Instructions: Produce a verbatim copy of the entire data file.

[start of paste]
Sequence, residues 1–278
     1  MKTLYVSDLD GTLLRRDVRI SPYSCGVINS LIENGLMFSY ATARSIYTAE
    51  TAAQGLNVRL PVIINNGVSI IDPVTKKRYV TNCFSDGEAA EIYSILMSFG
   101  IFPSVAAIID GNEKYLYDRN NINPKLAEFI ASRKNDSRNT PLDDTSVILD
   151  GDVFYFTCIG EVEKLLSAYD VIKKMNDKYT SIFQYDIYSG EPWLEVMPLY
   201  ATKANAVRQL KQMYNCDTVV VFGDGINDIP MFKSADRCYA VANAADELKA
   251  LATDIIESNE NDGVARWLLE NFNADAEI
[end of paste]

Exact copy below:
Sequence, residues 1–278
     1  MKTLYVSDLD GTLLRRDVRI SPYSCGVINS LIENGLMFSY ATARSIYTAE
    51  TAAQGLNVRL PVIINNGVSI IDPVTKKRYV TNCFSDGEAA EIYSILMSFG
   101  IFPSVAAIID GNEKYLYDRN NINPKLAEFI ASRKNDSRNT PLDDTSVILD
   151  GDVFYFTCIG EVEKLLSAYD VIKKMNDKYT SIFQYDIYSG EPWLEVMPLY
   201  ATKANAVRQL KQMYNCDTVV VFGDGINDIP MFKSADRCYA VANAADELKA
   251  LATDIIESNE NDGVARWLLE NFNADAEI